Jodi Melnick’s Moment Marigold at BAM Fisher
In ancient Greek mythology, the Horae (hours) were the three goddesses of the seasons, the keepers of time, and the guardians of Zeus’s cloud gates to the heavens. They were (and are) nearly always depicted in motion, dancing gracefully as clouds themselves, their limbs and hair pushed back by a slight breeze to usher in the spring or fall.
In Wednesday’s premiere at BAM Fisher, downtown choreographer Jodi Melnick and her fellow dancers EmmaGrace Skove-Epes and Maggie Thom were twenty-first-century Horae, floating silently on an ethereally lit stage by Joe Levasseur and wearing feminine hipster costumes by Reid Bartelme and Harriet Jung. Tangled poses bookended a work of unraveling formalism, as the dancers moved with flowing intricacy in relation to one another and Steven Reker’s fluttering music. Melnick herself is a stunningly virtuosic mover: her wiry frame is supple yet strong; it’s easy to see her time spent working with Trisha Brown in her muscle memory. In a solo near the end of the piece in which she danced holding a knife, she was like a gentle assassin, menacing yet in complete control of her body and situation.
In Moment Marigold, Melnick culled movement from her “never-ending desire to create new physical sequences and sensations in the body…the living, sensing, biological plant that we implement as our aesthetic material”, according to her program note. This often meant that any meaning gleaned from the work was secondary to Melnick’s formal considerations: there were phrases of intricate entwining, in which the dancers clasped hands and whirled their arms around each other, pushing, falling, and recovering. The points of physical interaction were loaded; at times, I found myself wishing the dancers would touch. When they finally did, it was casually glorious, a quotidian moment made monumental.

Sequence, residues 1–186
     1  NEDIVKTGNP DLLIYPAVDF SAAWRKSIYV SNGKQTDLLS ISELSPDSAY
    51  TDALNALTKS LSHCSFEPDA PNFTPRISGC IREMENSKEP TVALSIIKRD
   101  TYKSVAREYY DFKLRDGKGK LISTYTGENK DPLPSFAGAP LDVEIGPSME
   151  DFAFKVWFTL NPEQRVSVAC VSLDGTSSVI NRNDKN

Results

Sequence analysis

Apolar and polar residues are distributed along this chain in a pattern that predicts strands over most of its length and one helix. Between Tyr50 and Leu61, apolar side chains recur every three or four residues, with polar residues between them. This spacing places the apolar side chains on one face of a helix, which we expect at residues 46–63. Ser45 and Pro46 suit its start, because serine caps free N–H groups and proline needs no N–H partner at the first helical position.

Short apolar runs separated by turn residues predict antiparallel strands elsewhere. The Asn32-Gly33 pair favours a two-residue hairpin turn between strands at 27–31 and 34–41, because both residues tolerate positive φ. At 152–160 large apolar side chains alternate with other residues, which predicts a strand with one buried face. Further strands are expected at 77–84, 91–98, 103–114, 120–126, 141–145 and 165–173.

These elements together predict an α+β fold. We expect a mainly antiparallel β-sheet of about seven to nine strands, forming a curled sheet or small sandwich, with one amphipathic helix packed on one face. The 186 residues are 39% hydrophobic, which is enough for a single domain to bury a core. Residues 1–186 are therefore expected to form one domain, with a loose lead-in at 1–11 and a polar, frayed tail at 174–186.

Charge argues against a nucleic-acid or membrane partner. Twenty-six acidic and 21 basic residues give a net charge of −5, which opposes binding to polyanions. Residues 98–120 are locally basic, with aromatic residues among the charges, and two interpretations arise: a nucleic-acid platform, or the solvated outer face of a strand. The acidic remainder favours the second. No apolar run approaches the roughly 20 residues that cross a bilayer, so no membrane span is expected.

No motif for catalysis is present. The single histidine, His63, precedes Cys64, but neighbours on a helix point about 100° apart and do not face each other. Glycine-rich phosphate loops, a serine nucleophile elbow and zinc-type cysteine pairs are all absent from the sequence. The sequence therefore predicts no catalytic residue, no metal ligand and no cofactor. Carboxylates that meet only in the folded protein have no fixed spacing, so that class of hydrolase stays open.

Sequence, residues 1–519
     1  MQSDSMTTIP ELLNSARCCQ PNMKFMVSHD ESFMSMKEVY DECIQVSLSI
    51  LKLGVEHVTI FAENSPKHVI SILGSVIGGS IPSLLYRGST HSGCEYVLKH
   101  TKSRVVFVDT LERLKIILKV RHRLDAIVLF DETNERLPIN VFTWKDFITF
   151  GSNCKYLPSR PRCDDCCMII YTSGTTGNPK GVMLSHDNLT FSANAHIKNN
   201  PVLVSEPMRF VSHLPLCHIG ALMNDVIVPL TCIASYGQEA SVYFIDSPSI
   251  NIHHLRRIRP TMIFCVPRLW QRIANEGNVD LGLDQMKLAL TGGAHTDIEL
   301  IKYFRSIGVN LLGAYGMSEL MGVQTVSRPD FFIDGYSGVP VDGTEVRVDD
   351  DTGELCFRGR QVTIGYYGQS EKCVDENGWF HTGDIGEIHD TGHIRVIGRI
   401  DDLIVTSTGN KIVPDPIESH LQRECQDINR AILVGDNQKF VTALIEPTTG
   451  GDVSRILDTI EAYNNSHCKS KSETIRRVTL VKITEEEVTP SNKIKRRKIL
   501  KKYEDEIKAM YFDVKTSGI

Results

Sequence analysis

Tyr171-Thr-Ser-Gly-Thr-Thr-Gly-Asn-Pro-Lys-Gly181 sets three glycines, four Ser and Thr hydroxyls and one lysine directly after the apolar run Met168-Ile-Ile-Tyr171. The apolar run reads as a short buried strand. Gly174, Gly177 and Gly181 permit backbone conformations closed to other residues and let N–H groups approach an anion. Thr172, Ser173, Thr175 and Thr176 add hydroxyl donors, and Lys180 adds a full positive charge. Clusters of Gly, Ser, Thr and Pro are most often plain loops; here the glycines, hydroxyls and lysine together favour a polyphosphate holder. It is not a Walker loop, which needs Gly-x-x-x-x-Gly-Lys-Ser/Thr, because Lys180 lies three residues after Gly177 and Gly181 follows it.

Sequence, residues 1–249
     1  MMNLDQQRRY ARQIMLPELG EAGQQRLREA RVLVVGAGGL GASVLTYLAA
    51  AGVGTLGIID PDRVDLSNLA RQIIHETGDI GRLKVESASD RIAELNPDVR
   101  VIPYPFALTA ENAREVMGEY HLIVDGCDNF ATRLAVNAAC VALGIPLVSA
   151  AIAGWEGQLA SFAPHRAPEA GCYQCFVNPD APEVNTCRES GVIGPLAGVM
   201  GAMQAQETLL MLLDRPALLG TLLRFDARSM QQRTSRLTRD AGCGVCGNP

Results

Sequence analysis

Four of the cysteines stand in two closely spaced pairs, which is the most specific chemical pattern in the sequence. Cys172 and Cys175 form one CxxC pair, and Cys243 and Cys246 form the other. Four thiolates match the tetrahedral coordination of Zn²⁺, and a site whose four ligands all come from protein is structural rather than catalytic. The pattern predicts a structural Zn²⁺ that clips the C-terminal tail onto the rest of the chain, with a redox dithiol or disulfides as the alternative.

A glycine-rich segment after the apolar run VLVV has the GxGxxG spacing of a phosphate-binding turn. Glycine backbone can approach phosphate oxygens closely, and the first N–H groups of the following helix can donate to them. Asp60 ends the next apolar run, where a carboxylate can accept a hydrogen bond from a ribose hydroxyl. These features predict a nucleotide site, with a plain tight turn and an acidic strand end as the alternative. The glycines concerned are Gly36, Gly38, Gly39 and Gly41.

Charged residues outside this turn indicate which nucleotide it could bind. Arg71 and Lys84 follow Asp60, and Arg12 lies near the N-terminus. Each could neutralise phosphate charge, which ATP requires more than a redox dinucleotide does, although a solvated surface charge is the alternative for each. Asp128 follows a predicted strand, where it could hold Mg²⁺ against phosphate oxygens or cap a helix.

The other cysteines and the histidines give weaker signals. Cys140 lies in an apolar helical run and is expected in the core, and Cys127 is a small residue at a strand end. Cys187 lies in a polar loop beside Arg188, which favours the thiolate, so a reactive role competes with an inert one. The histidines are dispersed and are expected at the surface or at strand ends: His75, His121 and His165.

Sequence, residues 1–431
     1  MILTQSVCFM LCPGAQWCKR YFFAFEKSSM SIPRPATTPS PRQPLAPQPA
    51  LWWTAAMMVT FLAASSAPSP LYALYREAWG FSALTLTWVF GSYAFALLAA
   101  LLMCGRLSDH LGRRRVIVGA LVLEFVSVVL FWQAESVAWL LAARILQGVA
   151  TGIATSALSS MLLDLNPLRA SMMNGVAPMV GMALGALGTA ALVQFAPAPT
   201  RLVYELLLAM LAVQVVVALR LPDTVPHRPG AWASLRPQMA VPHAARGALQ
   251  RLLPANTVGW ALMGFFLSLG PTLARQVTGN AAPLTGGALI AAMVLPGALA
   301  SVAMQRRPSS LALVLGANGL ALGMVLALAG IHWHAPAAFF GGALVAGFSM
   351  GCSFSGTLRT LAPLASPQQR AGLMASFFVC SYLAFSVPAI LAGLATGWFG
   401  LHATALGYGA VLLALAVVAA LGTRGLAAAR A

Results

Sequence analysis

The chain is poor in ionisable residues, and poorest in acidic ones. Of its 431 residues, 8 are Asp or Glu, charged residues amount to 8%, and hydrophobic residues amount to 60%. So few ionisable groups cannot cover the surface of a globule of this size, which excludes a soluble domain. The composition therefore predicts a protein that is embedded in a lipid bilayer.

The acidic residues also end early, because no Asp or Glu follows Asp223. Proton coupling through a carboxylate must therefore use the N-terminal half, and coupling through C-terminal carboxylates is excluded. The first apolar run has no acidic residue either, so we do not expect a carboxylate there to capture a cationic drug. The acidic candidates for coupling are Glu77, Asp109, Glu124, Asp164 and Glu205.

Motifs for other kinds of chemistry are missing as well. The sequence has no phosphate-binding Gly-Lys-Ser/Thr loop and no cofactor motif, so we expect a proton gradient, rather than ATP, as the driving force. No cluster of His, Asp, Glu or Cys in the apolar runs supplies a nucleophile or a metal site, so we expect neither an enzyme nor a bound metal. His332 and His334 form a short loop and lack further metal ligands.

These instances of ethereal beauty were placed—sometimes haphazardly—next to sections of solo work with all three dancers on stage. These washed over me blandly: to see three bodies moving simultaneously with such idiosyncrasies yet sans visible structure became too hard to follow, so I tuned out. Their generally glazed-over countenances didn’t help matters. Sometimes, this postmodernist aesthetic felt a bit dated—too much Trisha and not enough Jodi.
Lack of context also hindered any perceived poignancy: I noticed this in the knife solo and in the work’s final scene. Envision Melnick looping an arm under Skove-Epes’s leg, while Thom’s back rests against Melnick’s until they collectively submit to gravity and into a new position. After a series of these gorgeous tableau-vivant-like moments, the women arrived at a final resting place on their backs. Melnick slowly rose to unfasten the young womens’ ponytails, meticulously laying out their long strands with maternal tenderness—first Skove-Epes’s, then Thom’s. At last, Melnick circled back to lie down, unfastening her own auburn locks and brushing them out like a sunburst, her matriarchal figure finally at peace. It was an image of powerful, feminine beauty, but rather unexpected—I found myself wishing the hair motif and Melnick-as-matriarch had been explored earlier so that this final moment might have had more weight. As they lay there, eyes closed, they were goddesses rather than real live people—beautiful yet untouchable.